The new normal?

Over the last 24 months I had the honor of meeting with 100s of customers in over 35 different countries. Many of our discussions evolved around the economic crisis. No matter which country, companies across the globe felt or are still feeling the crisis. Granted: you can’t really compare the Ukraine that was forecast to post a 20% GDP contraction for 2009 with say a Qatar that even during the crisis still managed to grow at over 8 %.  The interesting thing, however, is the fact that almost all companies are struggling with the same basic issues.  And these issues have started building up over the past ten or so years:

  • Increased speed: The speed of business has increased tremendously. Customers require ever more innovation at a faster pace. The Internet has opened up new channels and we need to keep our business open almost 24*7. There is no quiet period anymore.
  • Increased volatility: With speed typically comes volatility. Indeed, reports show that global market volatility has increased tremendously. Just look at the oil price! Further there seem to be a great number of major events that impact certain economies (e.g. SARS, Tsunamis, Swine Flu, Lehman crisis).
  • Increased risk & opportunity: Anybody who is familiar with options pricing understands that volatility creates tremendous risk & opportunity. Companies often come and go these days.

A recent example reminded me of this: The GPS market. Since the early 2000s innovative companies like Garmin, TomTom etc. have grown to multi billion USD businesses within just a few years. One could debate whether these businesses could have grown that quickly 20-30 years ago. In mid-October of 2009 Google announced the availability of GPS like services on their Android-powered smartphones. Indeed, the demos Google revealed showed that consumers can indeed potentially drop their separate GPS unit and rely on their mobile in the future. The effect on the stock price of the GPS manufacturers was dramatic: An average drop of 20% during that particular week. Investors were worried that more and more customers will rely on their smartphones in the future. Speed, volatility – risk, opportunity.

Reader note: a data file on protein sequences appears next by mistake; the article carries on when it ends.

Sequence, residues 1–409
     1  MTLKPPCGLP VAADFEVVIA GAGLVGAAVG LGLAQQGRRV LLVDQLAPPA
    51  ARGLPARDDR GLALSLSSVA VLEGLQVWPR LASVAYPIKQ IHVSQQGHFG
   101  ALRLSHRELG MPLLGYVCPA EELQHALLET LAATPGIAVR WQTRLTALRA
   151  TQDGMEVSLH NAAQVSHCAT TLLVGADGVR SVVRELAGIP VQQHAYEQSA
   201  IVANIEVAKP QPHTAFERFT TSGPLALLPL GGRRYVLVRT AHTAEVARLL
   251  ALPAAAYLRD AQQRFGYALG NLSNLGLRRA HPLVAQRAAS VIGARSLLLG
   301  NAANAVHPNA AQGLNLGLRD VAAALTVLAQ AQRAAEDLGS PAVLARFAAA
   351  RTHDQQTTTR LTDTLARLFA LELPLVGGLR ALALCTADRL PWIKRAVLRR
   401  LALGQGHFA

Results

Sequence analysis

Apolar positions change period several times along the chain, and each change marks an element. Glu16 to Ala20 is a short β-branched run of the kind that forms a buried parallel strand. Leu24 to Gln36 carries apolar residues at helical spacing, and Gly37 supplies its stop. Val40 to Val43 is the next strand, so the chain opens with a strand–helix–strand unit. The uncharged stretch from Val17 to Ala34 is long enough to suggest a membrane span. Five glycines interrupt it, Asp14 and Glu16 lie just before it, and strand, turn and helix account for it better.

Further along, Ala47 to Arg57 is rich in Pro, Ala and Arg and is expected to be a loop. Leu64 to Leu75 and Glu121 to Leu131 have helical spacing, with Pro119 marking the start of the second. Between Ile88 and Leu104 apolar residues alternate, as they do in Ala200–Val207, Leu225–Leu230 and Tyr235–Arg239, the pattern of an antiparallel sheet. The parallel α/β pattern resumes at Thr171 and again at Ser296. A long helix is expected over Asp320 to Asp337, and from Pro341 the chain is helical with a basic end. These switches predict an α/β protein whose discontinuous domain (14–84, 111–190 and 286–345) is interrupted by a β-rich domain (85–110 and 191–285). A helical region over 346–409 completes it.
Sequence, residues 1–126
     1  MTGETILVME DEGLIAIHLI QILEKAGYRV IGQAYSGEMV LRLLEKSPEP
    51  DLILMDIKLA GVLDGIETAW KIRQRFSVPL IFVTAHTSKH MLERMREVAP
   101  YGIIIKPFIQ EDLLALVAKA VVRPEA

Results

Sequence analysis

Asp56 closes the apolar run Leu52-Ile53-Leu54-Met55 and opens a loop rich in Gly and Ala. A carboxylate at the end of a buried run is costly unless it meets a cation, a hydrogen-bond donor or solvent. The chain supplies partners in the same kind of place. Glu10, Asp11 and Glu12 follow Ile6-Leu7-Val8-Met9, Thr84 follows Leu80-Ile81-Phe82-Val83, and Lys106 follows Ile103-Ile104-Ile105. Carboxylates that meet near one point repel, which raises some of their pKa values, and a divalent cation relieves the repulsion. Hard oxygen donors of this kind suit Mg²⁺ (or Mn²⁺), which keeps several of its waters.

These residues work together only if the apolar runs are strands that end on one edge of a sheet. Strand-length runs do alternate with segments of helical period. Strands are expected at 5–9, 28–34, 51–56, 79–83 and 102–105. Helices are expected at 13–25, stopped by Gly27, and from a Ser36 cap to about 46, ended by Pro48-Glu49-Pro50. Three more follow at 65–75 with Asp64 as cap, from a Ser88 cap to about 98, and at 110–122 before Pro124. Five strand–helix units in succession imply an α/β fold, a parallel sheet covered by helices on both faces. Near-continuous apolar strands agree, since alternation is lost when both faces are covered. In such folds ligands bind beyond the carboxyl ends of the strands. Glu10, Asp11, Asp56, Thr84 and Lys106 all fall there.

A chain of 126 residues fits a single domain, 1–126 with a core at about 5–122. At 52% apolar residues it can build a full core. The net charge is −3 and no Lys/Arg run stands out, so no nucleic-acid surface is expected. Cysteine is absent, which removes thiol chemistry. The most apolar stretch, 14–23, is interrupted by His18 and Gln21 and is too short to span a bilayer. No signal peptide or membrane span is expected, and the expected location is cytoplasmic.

The implications for companies are clear: faster and smarter decision making is required. No longer can we afford to wait for a few weeks to get our sales numbers or to close our books. 6-months planning cycles will leave you behind the competition. 4-6 week forecast cycles will not allow you to react quickly enough to mitigate that risk or to seize that unique opportunity.

Time to upgrade our Performance Management processes & systems!